CHARLESTON, W.Va. — Two years ago, Gov. Jim Justice offered a groaning impersonation of Frankenstein’s monster to illustrate state budget difficulties.

Last year, he cast himself as the coach, complete with a cheer from the Greenbrier East girls basketball team he leads.

What will West Virginia see from Jim Justice tonight for his third State of the State address?

“I don’t know. I’ll figure out something between now and then,” Justice said Monday.

“I can’t be anything but just me. You know, I’m always the guy who’s going to tell you the truth. That’s all there is to it. So for good or bad you’ve got me. Until they run me off or whatever, you’ve got me.”

A starter kit for the truth would be a lengthy list of the proposals for the coming year’s budget.

Justice has promised $100 million to shore up insurance for public employees, plus average 5 percent pay raises.

Justice says that’s a slam dunk.

“It’s not going to stretch the extra money. We’ve got it, and you’ll hear more about that in my State of the State,” Justice said Monday.

“That’s the number one thing, right out of the box, that I set up and everything, and we’re going to do that. We’re going to get that done.”

But wait. There’s more.

Four-year colleges have talked about wanting $10 million to make up for cuts of recent years.

The Senate wants to make community and technical college less expensive for students at an estimated cost of less than $10 million.

The Senate majority also wants to establish an intermediate court of appeals at a cost of somewhere between $3 million and $12 million.

The Republican majorities in both houses would like to cut property taxes for businesses. The details of doing so would define the cost, but it would certainly be in the tens of millions annually.

Both parties in both houses are interested in cutting back the taxes people pay on Social Security benefits.

Is the money there?

Mitch Carmichael

“We’ll look at the budget and see how it all balances out and see how we can make it all fit,” Senate President Mitch Carmichael, R-Jackson, said Friday during a Legislative Lookahead event.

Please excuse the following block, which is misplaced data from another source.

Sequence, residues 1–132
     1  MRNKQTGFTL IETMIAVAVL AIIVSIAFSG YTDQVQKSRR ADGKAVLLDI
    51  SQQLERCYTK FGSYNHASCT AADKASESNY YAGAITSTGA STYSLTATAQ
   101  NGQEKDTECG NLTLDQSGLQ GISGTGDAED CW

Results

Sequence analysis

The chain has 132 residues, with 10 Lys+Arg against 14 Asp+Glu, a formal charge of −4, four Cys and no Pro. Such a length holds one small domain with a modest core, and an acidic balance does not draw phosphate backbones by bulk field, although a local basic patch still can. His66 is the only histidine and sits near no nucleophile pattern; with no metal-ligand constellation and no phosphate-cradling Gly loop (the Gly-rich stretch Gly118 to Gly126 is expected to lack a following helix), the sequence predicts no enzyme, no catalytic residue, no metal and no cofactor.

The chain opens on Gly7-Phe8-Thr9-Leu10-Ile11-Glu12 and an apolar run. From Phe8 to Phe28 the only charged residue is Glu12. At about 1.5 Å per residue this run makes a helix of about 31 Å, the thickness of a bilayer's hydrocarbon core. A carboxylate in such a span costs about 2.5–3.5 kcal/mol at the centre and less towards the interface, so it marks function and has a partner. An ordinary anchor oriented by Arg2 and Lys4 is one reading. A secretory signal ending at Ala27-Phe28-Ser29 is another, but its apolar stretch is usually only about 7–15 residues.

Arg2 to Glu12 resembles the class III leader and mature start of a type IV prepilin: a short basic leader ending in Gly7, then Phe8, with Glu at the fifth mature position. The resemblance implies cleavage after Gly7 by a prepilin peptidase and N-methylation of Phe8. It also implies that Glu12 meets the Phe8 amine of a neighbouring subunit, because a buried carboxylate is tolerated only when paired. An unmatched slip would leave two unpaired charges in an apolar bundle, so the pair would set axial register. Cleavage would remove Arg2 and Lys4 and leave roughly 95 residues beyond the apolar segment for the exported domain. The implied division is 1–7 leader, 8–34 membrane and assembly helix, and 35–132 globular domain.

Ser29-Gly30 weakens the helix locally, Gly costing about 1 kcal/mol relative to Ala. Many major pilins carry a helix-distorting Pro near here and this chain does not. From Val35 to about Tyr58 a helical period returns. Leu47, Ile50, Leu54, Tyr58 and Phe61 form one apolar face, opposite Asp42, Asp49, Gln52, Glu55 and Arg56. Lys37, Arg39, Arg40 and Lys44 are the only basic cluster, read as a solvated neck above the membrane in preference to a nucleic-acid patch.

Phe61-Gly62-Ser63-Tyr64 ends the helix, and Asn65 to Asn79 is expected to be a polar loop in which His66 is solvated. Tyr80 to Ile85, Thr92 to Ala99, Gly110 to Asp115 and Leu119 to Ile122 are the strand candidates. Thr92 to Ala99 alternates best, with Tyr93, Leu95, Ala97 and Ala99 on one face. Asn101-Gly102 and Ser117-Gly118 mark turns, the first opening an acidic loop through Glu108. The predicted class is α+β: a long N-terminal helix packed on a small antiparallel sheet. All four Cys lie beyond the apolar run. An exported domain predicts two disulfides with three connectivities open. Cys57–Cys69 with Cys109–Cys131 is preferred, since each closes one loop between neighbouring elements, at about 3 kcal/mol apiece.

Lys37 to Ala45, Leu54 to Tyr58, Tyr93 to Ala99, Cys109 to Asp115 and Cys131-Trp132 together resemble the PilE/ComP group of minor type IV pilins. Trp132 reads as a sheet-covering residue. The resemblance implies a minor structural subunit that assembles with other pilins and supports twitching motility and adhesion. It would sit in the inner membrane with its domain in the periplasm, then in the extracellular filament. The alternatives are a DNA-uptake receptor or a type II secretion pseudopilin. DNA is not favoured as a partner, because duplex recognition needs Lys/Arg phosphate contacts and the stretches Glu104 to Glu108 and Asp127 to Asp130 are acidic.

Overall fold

“We don’t want to spend wildly.”

House Speaker Roger Hanshaw, speaking at a Tuesday appearance to outline legislative priorities, suggested delegates may seek flexibility in dealing with all the priorities.

Roger Hanshaw

“There are ways to achieve some of the goals that don’t happen overnight,” Hanshaw said.

The governor has already spoken for much of the available money, suggested Delegate Vernon Criss, R-Wood, the vice-chairman of the House Finance Committee.

“I don’t call it in the hole, but we’re awfully restricted,” he said.

Criss acknowledged being new to his role, but said it’s up to the governor to provide a starting point on priorities.

Vernon Criss

One big factor for the coming fiscal year will be the governor’s revenue estimate versus the costs of Justice’s priorities.

“I’m two days on the job as vice chairman. A lot depends on what his excellency the governor is going to bring to us next Wednesday night,” Criss said. “We’re just going to have to wait and see.”

Democrats are likely to push for as much reinvestment as possible after a few years of cuts.

Most so far have expressed support for the teacher pay raise and the community college bill.

Ron Stollings

“I think we have to see,” said Senator Ron Stollings, D-Boone. “At the same time we have to balance the budget, we have to tinker with it.”

Democrats also have expressed support for cutting the Social Security tax.

They’ve expressed less enthusiasm for cutting property taxes for businesses, a measure that would require two-thirds majorities in both houses to be put to a vote by the public.

And Democrats have been skeptical of the need for an intermediate court of appeals.

Corey Palumbo

“It doesn’t offend me to have an intermediate appellate court,” said state Senator Corey Palumbo, D-Kanawha.

“I don’t think it’s a critical thing for us to do. I think there are probably better ways to allocate the scarce dollars that we have.”

Palumbo said the emphasis should be on making West Virginia an attractive place to live, work and stay.

“We’re still hemorrhaging people in West Virginia,” Palumbo said. “We’ve got to focus on keeping our people in West Virginia.”

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